The European Commission published a proposal for a Cyber Resilience Act on 15 September 2022 (the ‘Regulation’), which aims to:
- ensure that cyber security is considered during the development of hardware and software products and is continuously improved throughout that product’s life cycle; and
- improve transparency so that users can take cybersecurity into account when selecting and using a product with digital elements.
The Regulation will apply to products with a data connection to another device or network, which will include both internet of things and t software products. Existing EU legislation such as the draft NIS2 Directive and Regulation 2019/881 focuses on ensuring a high level of cybersecurity of services provided by essential entities but does not directly cover mandatory security requirements. Through this proposed Regulation, the European Commission intends to establish comprehensive cybersecurity requirements to address the gaps in existing cybersecurity legislation. Consequently, the Regulation will not apply to products which are already regulated by other EU cybersecurity regulation, for example certain Software as a Service (SaaS) products, regulated by the proposed NIS2 Directive, and medical devices caught by Regulation (EU) 2017/745 and/or Regulation (EU) 2017/746 are both exempt.
Essential cyber security requirements
The Regulation further sets out a list of essential cyber security requirements that in-scope products must comply with before being brought to market. Such security requirements include ensuring that products are delivered without any known vulnerabilities, and that the settings are configured to secure by default.
Obligations of manufacturers, distributors and other parties in the supply chain
Obligations will be put in place for manufacturers, distributors, importers and other parties to reflect their respective roles and responsibilities in the supply chain. For example, manufacturers will need to:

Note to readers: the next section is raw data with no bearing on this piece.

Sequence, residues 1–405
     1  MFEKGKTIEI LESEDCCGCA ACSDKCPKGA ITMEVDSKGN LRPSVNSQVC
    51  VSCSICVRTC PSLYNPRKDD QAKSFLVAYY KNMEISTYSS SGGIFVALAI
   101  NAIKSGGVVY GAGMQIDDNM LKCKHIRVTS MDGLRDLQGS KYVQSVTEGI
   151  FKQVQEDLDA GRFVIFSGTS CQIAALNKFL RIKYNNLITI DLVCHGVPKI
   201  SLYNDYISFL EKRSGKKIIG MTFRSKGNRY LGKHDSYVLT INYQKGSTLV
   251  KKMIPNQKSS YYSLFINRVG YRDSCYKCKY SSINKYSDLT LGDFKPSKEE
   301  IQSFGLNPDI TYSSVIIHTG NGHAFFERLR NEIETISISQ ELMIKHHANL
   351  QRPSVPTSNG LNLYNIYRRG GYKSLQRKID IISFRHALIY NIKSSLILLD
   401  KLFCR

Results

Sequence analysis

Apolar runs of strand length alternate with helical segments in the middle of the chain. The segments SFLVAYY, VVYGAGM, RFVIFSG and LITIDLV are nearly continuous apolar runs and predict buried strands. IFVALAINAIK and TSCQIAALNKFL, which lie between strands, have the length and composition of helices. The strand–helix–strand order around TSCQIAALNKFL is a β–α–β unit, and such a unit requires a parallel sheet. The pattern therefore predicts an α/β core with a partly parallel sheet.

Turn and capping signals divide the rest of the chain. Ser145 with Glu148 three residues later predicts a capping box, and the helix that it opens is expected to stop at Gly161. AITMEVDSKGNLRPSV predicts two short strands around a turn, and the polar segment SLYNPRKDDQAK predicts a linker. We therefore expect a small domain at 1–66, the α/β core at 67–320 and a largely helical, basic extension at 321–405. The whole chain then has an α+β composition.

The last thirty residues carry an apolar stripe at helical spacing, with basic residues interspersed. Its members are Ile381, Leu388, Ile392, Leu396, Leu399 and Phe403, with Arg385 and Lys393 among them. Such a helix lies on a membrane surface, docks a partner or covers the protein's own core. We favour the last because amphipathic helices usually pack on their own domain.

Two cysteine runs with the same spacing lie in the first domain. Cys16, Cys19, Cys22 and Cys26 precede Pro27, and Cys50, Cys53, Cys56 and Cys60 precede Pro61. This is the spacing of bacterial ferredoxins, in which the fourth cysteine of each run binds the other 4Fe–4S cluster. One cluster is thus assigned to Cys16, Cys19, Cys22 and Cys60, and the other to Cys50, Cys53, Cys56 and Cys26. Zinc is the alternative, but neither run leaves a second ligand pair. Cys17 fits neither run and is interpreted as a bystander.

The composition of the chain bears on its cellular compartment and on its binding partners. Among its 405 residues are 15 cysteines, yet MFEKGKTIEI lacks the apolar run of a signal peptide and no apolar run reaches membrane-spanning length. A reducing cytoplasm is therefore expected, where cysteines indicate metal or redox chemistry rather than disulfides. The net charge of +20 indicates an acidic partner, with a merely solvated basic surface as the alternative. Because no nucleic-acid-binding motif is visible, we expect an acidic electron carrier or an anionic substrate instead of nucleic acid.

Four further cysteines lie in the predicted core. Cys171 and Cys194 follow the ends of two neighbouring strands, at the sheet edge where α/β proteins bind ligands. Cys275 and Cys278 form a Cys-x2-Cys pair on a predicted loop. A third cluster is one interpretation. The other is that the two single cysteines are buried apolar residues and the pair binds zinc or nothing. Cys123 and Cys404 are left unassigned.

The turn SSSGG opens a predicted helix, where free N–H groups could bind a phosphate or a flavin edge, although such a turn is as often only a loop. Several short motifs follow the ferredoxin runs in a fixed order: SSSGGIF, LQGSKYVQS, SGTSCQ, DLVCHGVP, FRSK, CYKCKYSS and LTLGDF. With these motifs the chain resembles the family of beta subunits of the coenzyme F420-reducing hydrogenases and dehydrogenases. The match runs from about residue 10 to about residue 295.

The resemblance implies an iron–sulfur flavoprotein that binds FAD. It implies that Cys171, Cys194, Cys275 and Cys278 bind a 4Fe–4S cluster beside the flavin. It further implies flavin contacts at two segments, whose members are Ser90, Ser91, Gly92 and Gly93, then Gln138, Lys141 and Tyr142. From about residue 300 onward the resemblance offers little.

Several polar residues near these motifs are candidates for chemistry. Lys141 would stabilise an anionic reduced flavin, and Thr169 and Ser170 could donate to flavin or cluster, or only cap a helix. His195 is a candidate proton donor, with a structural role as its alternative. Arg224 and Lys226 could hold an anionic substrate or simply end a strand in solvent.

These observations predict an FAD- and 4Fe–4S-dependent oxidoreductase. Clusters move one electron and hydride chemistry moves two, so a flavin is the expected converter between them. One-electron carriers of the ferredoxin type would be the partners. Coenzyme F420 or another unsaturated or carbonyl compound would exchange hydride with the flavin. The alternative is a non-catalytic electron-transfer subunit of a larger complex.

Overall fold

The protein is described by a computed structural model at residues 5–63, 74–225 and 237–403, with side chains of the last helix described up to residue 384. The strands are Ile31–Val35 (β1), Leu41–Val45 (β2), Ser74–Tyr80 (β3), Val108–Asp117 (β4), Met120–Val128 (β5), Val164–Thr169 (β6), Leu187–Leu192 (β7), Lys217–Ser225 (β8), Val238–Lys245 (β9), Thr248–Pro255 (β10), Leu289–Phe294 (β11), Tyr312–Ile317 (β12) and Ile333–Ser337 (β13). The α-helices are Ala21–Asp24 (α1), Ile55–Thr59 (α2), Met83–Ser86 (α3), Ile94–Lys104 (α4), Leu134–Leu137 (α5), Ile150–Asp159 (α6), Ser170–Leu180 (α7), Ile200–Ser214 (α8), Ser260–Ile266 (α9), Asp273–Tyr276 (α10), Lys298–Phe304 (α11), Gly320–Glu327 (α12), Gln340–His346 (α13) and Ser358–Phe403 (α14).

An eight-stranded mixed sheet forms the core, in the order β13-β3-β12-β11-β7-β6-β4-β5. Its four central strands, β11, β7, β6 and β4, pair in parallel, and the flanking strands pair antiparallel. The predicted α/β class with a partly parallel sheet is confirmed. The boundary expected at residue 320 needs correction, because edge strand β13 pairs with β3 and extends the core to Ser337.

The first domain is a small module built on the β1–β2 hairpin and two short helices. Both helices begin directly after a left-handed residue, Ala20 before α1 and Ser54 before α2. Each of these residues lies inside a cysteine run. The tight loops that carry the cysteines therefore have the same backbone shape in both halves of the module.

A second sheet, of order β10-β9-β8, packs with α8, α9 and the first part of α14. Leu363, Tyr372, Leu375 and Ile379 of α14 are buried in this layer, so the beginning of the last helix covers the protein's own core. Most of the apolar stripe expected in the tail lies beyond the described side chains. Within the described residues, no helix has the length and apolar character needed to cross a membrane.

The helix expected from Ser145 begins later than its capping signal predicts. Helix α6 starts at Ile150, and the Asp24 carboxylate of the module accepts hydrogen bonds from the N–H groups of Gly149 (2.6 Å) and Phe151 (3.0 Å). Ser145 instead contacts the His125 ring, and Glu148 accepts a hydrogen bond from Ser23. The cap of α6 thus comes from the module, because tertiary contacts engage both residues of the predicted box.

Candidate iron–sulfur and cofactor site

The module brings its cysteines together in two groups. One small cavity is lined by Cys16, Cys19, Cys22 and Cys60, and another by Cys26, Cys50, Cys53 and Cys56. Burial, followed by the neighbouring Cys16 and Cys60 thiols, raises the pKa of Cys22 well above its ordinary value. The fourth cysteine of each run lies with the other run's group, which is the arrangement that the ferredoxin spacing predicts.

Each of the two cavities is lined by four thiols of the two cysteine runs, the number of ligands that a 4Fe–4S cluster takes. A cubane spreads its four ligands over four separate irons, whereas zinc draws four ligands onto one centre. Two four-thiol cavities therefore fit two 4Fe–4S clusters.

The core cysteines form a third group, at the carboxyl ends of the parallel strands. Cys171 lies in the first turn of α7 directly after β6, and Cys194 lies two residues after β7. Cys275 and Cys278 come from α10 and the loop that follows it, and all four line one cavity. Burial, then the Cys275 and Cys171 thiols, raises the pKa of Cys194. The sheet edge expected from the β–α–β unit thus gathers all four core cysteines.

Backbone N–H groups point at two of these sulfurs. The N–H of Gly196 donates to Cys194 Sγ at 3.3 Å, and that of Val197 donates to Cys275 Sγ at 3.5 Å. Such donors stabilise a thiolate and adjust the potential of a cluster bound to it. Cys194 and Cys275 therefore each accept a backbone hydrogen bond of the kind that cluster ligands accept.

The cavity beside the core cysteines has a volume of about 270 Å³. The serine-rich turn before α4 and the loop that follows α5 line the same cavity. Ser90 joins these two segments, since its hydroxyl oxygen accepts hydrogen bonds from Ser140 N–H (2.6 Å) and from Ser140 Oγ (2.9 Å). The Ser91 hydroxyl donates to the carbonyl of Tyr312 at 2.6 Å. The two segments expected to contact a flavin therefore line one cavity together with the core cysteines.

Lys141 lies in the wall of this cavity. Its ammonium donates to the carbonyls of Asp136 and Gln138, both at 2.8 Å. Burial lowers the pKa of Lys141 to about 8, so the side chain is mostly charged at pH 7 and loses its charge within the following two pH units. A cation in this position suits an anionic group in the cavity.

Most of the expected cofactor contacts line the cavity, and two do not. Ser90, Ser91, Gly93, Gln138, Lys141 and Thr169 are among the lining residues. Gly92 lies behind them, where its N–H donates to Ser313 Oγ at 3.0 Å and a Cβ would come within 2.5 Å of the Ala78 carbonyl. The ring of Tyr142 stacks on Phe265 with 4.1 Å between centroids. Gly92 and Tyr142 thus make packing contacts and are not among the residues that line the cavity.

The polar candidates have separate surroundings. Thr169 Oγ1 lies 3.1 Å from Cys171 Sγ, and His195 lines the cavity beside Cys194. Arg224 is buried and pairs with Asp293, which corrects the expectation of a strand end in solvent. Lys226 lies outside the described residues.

- carry out a cyber-security risk assessment and take the outcome of that assessment into account during the development of the in-scope products; and
- report (1) any actively exploited vulnerabilities, being any vulnerability for which there is reliable evidence that execution of malicious code was performed without permission, or (2) incidents affecting the security of an in-scope product, to the EU cybersecurity agency ENISA within 24 hours of becoming aware of it. They will also need to inform users.
In-scope products with an increased cyber-security risk can be labelled as ‘critical products’, and will be subject to specific conformity assessment procedures. The Commission is also empowered to adopt delegated legislation which specifies categories of ‘highly critical products’, for which manufacturers will be required to obtain a European Cyber Security Certificate.
Manufacturers will be required to provide clear instructions which allow the user to securely install and operate the in-scope products.
The Regulation will impact a broad range of parties in the technology supply chain, who should consider how the additional cyber-security requirements will impact their manufacturing and distribution processes. Whilst the majority of the obligations will come into effect 24 months after entry into force, manufacturers will only have twelve months to comply with the Act’s reporting obligations.